Do you think you’re telling yourself the truth about money? We may think we know the facts about our finances. But our beliefs can often overshadow the facts.
Our wishes, hopes and fears can tip the scales away from the truth. This makes it easier for us to believe what we want to about money — and it can happen without us even realizing it.
The “money lies” we tell ourselves can change the way we think and act when it comes to finances. And since most of us rarely talk about money with our friends and family, the money lies we tell ourselves stick around. That can lock us into destructive beliefs and reinforce poor financial habits.
But no matter what money lies we tell ourselves, it’s never too late to set the record straight. Let’s look at some of the most common money lies we all buy into at some point — and the truth behind them.
1. I’ll be happier when I have $_____.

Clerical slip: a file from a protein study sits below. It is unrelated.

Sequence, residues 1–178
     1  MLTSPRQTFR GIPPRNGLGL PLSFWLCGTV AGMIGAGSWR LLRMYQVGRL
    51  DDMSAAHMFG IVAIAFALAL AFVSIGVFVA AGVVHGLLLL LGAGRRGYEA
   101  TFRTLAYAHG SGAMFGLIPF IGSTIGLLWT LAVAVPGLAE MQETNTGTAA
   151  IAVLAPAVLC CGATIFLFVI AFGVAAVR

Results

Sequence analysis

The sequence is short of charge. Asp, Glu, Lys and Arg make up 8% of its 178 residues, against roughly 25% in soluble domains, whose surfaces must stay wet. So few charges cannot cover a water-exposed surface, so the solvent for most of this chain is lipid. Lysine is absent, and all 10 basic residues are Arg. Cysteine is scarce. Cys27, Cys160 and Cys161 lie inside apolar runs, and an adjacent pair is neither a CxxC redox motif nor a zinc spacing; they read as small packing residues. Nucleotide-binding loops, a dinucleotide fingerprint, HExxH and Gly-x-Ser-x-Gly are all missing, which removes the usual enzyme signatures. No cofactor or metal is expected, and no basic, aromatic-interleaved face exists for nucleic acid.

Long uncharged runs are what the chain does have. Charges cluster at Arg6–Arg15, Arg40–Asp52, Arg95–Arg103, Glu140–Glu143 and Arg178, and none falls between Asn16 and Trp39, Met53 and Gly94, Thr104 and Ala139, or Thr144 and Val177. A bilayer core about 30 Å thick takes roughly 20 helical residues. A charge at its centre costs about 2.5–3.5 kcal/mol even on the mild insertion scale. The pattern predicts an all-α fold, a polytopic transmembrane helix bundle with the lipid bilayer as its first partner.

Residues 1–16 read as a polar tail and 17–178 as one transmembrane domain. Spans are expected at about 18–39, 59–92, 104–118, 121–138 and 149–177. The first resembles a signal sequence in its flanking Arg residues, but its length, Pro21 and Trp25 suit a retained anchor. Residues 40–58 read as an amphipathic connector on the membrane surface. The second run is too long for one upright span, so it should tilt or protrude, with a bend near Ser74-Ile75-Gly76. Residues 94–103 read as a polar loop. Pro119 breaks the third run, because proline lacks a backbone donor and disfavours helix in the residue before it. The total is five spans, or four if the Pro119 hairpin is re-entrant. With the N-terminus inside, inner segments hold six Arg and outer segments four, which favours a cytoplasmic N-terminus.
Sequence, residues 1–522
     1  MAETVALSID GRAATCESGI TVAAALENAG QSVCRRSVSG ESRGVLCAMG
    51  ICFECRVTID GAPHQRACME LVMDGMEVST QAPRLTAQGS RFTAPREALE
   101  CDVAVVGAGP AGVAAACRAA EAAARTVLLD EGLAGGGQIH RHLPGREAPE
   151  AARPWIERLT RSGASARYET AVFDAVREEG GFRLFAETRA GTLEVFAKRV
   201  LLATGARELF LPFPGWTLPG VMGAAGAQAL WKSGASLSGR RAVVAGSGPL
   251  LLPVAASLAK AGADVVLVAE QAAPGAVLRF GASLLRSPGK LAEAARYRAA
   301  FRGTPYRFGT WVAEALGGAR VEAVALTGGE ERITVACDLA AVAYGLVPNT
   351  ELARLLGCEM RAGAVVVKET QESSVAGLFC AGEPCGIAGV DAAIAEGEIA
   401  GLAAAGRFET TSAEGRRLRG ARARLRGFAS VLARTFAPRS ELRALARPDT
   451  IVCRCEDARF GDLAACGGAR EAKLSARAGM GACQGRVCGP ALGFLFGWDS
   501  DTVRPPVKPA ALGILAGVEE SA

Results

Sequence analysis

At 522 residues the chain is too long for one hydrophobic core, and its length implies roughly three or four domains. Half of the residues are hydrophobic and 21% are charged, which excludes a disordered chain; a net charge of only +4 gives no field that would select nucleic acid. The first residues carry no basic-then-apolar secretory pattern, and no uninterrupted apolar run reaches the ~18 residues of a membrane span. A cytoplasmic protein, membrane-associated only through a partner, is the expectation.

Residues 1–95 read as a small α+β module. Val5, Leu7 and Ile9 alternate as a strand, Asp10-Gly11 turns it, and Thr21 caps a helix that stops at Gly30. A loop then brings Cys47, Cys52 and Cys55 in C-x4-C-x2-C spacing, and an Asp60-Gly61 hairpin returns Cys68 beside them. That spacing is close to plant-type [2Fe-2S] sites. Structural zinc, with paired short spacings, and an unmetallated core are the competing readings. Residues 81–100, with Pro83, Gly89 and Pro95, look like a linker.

“With $___ in the bank (whatever amount you think is ideal), many of my problems would go away, and I’d be happier.”
Does this sound familiar?
Goals and target numbers for earnings, savings and budgets are great. But if you make the mistake of thinking some magic number will flip a happiness switch for you, think again.
When we tell ourselves this money lie, we put too much emotion into a single number. And we may be setting ourselves up for disappointment — both if we never get $__, and if we do get $__ and realize it doesn’t make us as happy as we thought it should.
The good news? Studies show that making progress toward our goals can be incredibly satisfying, regardless of whether we hit the target.
2. I deserve it, regardless of whether I can afford it.
“I work hard, and I don’t treat myself often.”
“I could kick the bucket tomorrow (YOLO).”
“I’m getting a great deal!”
These are just some of the rationalizations we use to convince ourselves that it’s OK to buy something.
Whatever legs this money lie stands on, it’s usually used to soothe the sting of expensive purchases — those that aren’t really essential — and perhaps items we know, deep down, we don’t really need.
3. I have strong financial willpower.
When faced with temptation, most of us lie to ourselves that we’re great at resisting it. But, when was the last time you chose not to buy something you really wanted? When was the last …….